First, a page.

By Earl Ofari Hutchinson
I still can’t shake the memory of that Saturday evening a few years ago when I was driving back from shopping on Rodeo Drive in Beverly Hills.
I hadn’t gotten a mile from the shopping area when I was flagged over by a Beverly Hills officer. I was not speeding. I did not run a red light. In fact, I did nothing I thought was untoward.
The officer was polite, but he gave no explanation for the stop. After the routine license and registration check, he waved me on.
I was hardly the exception. My experience has been the experience of legions of Black motorists, shoppers and pedestrians coming and going in Beverly Hills for what seems an eternity. The latest charge of racial profiling comes from of all places two Black Los Angeles police officers who are suing Beverly Hills charging that they were racially profiled while driving through the city.
Beverly Hills police and city officials predictably once more circled the wagon. They denied profiling and boasted that they looked forward to their day in court to refute the charges that they engage in systemic racial profiling of Blacks.
The lawsuit by the Black officers is a follow up to prior lawsuits that Beverly Hills police routinely stop, harass, target, cite and arrest dozens of African Americans in the city for everything from alleged shoplifting to motorized bike or vehicle infractions.
The real issue is racial profiling. It’s based on long-standing complaints of harassment of African Americans who drive through, work, shop or even live in the city. Beverly Hills officials and business leaders protest the charge that they routinely harass Blacks in the city. They simply say they are enforcing ordinances and protecting merchants against theft. However, the arrest and citation numbers tell a far different story.
With almost no exception, the dozens of persons cited or arrested are Black, with an occasional Hispanic tossed in. If the city is indeed, as it claims, simply enforcing the laws, the numbers would not possibly be so outrageously racially skewed.
They would have to expect one to believe that there are no young whites riding scooters, skateboards, jaywalking or shoplifting. None! That claim is laughable, if not pitiable.
It’s even more laughable because of Beverly Hills’ history of racial complaints. In fact, Blacks have long complained that they are stopped, searched, followed and harassed by Beverly Hills police, eyeballed suspiciously by clerks in stores, and have been ignored in restaurants. A major lawsuit for racial profiling was brought by seven Blacks in 2007.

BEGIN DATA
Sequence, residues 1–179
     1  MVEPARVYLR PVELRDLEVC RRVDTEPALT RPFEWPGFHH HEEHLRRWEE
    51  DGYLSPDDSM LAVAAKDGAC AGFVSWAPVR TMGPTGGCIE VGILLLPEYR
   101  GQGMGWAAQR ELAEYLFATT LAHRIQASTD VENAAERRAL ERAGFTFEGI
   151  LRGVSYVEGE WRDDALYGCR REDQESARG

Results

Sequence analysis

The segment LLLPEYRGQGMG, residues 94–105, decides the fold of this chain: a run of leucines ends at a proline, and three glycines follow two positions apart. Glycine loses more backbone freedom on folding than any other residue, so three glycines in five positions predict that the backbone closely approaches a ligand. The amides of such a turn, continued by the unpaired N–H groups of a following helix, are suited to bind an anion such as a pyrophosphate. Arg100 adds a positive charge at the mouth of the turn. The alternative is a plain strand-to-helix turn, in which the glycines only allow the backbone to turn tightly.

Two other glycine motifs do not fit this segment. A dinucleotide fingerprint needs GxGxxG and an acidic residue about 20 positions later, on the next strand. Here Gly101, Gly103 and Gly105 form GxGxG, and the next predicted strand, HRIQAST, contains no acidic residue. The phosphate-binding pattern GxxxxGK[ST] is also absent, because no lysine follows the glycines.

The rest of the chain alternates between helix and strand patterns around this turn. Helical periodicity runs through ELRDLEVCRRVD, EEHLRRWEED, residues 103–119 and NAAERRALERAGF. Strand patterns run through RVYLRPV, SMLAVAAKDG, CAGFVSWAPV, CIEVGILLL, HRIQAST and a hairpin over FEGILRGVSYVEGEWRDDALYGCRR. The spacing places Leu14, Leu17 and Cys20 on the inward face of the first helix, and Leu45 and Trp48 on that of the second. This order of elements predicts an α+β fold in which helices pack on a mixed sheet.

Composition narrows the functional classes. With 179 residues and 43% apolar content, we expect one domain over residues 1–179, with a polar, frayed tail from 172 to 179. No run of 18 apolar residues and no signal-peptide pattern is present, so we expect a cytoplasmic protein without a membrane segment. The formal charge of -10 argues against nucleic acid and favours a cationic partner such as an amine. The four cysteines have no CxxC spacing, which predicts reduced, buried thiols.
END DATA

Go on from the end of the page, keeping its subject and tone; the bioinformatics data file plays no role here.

A demonstration and press conference was held at the Beverly Hills school district offices a few years ago complaining of racial discrimination in the schools. Then there was the well-publicized degrading traffic stop and arrest of a prominent Black businessman and the detention of a Black film producer a few years back.
Many more such encounters could be cited to make the disturbing case that Beverly Hills simply does not want or welcome African Americans in the city in any numbers.
In response to the loud complaints and the much-deserved bad press the city was getting, city officials agreed in 2021 to set up a Human Relations Commission to deal with issues of racial discrimination complaints. The question is what has been the commission’s purpose and its effectiveness?
This targeting of African Americans in Beverly Hills fit the all-too-familiar pattern of many unwarranted stops of Black and Latino motorists and pedestrians in far too many cities. Predictably, as in most racial profiling allegations, Beverly Hills police and city officials hotly deny the profiling charges. Yet, Beverly Hills is hardly an aberration.
The refusal by many public officials to admit that racial profiling exists has helped torpedo efforts by local and national civil rights groups to get law enforcement to do something about it.
Nationally, dozens of states do collect data either voluntarily or compelled by state law on unwarranted pedestrian contacts and traffic stops. Still, most police officials, as in Beverly Hills, vigorously contend that good police work is about the business of catching criminals and reducing crime, not about profiling Blacks and Latinos.
If more Black and Latino men are stopped, it’s not because they’re Black or Latino but because they commit more crimes.
The other even more problematic tact used to debunk racial profiling is that there have been few statistics that have been compiled on unwarranted stops. In two surveys, the federal Bureau of Justice Statistics took a long, hard look at racial profiling using information that it got from citizens.
Both times, the agency found that while whites are stopped, searched and arrested less frequently than Blacks or Latinos, there was no hard proof that the stops had anything to do with race.
The dozens of lawsuits from Blacks alleging racial profiling by Beverly Hills police and business owners and the attempt by Beverly Hills officials to duck, dodge and deny any wrongdoing has deservedly put the city back on the racial profiling hot seat. Now the perennial question is what are they going to do about it?
Earl Ofari Hutchinson is an author and political analyst. His forthcoming book is “Why the GOP Became a White Supremacist Party” (Middle Passage Press). He also is the host of the weekly Earl Ofari Hutchinson Show on KPFK 90.7 FM Los Angeles and the Pacifica Network Saturdays at 9 a.m.